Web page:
Baptist MD Anderson Cancer Center provides new treatment for brain tumor patients
November 10, 2015 | Jacksonville, FL
A new treatment option at Baptist MD Anderson Cancer Center could help extend the life of newly diagnosed brain tumor patients.
Patients diagnosed with glioblastoma multiforme, an aggressive form of brain cancer, now have an additional tool that works along with chemotherapy and radiation.
The U.S. Food and Drug Administration recently approved an expanded indication for the Optune device to treat patients with newly diagnosed glioblastoma multiforme. The treatment is given along with the chemotherapy drug temozolomide (TMZ) following standard treatments that include surgery, and radiation therapy and chemotherapy used together.
“The treatment provides a proven option for patients that carries less side effects than traditional radiation and chemotherapy,” said Robert Cavaliere, MD, neuro-oncologist with Baptist MD Anderson, who has used the treatment on patients with recurring brain tumors. “Recent data shows marked improvements in outcomes when patients used Optune in combination with oral chemotherapy versus oral chemotherapy alone. This is only the second treatment next to TMZ oral chemotherapy to ever show improvement in newly diagnosed patients.”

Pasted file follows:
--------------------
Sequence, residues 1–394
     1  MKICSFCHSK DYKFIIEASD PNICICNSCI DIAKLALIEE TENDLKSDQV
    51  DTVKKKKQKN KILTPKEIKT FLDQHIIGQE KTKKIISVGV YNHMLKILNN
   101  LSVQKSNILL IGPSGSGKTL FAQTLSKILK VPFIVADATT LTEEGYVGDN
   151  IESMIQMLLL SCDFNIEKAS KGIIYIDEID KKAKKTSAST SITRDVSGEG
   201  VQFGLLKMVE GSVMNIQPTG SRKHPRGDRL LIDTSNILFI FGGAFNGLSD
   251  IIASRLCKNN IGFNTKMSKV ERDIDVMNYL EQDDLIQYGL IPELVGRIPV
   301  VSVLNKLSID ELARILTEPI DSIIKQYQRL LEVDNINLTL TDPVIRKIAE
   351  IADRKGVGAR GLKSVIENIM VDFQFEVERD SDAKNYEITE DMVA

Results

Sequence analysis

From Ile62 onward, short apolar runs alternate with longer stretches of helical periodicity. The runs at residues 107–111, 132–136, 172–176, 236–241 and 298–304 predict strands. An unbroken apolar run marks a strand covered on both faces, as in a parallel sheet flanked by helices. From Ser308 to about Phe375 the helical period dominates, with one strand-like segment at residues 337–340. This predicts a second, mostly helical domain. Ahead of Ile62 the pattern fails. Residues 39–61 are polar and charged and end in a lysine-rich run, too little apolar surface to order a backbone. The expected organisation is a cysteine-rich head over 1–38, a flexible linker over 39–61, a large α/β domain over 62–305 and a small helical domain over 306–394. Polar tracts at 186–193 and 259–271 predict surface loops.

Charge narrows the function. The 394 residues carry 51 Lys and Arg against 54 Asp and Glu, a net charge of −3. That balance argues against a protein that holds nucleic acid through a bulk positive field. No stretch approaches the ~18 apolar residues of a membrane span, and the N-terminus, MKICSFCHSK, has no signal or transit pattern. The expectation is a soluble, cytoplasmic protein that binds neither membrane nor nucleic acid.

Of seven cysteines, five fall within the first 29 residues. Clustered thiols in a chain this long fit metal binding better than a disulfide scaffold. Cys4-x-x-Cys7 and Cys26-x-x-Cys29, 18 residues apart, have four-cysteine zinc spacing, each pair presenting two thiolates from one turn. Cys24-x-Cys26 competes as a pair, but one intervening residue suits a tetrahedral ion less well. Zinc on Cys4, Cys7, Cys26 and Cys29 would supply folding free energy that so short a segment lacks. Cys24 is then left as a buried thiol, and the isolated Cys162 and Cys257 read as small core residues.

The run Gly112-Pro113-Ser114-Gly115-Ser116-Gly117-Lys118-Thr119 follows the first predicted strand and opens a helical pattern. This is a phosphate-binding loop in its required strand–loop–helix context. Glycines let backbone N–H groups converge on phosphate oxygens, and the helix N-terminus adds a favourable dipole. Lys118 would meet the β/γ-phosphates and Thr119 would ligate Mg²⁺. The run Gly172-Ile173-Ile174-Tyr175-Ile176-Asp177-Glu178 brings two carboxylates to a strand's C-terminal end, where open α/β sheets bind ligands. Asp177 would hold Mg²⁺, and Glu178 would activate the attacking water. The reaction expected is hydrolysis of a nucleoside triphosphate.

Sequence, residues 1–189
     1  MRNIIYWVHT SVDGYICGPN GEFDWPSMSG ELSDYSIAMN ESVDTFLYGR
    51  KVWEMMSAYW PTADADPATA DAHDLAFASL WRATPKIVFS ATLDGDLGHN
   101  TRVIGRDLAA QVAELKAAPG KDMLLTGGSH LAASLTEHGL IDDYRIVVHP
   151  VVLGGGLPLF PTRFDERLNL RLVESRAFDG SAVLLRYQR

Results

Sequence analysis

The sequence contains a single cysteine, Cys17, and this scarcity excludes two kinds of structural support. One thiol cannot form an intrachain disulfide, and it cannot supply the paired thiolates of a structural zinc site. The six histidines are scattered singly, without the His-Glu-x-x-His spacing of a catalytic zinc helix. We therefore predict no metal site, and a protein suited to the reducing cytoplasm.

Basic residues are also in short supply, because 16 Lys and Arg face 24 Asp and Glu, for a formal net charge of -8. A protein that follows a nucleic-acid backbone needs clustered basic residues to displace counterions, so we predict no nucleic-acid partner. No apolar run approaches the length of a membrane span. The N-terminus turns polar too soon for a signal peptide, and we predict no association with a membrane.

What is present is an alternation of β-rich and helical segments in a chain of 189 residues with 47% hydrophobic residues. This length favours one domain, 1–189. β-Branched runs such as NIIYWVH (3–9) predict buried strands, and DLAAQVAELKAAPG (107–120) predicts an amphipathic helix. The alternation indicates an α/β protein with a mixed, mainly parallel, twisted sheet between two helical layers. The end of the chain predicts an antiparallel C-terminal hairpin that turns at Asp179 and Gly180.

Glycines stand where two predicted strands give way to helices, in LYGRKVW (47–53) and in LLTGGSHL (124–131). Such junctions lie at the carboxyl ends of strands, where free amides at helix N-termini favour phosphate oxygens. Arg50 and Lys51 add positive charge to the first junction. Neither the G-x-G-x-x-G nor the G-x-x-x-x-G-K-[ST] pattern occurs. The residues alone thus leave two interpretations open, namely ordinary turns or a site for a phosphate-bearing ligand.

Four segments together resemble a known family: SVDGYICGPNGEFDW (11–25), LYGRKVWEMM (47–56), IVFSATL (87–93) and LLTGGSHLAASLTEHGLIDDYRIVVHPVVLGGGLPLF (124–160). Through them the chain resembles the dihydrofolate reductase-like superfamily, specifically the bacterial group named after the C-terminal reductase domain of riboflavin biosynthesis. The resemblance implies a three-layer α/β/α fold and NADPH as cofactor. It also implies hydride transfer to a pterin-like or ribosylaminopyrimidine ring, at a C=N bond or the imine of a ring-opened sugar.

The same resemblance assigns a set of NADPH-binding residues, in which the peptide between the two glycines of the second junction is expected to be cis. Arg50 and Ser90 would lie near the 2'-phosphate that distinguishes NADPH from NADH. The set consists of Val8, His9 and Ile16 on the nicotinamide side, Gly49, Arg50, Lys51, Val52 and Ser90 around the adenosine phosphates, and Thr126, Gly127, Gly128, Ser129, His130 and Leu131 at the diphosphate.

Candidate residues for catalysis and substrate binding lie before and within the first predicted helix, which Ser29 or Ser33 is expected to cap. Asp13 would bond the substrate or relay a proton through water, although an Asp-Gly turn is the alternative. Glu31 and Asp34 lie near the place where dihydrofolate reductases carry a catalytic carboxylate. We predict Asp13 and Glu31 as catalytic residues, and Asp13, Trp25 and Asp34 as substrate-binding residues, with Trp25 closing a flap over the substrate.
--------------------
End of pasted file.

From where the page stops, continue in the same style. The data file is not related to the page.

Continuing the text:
Nearly 23,000 Americans will be diagnosed with brain or other nervous system cancers in 2015, according to the National Cancer Institute, and more than 15,000 die from those cancers. Glioblastoma multiforme accounts for about 15 percent of all brain tumors, and typically occurs in adults ages 45 to 70. Patients survive less than 15 months on average following diagnosis, because the tumor tends to be highly resistant to standard treatments.
But clinical studies show, according to the FDA, that patients treated with the device and TMZ lived on average three months longer than those treated with the drug alone.
Optune was initially approved in 2011 to treat patients with glioblastoma multiforme that recurred or progressed after chemotherapy. With this expanded indication, Optune can be used as part of standard treatment before the disease progresses.
Electrodes are placed on the patient’s scalp to deliver low-intensity, alternating electrical fields called “tumor treatment fields.” The electrical fields target the tumor identified on the MRI and interfere with the ability of the rapidly dividing cells to multiply. The electrical fields do not impact normal brain tissue.
“The large bandages on the scalp use electrical currents aimed directly at the tumor to interfere with cellular function so the cells die,” Dr. Cavaliere said. “Data shows that the benefits of upfront treatment with Optune is greater than using it after the tumor comes back.”
To make an appointment for cancer treatment or for more information, a dedicated patient scheduling center is available at 1.844. 632.2278 (1.844.MDA.BAPTIST) or go to BaptistMDAnderson.com.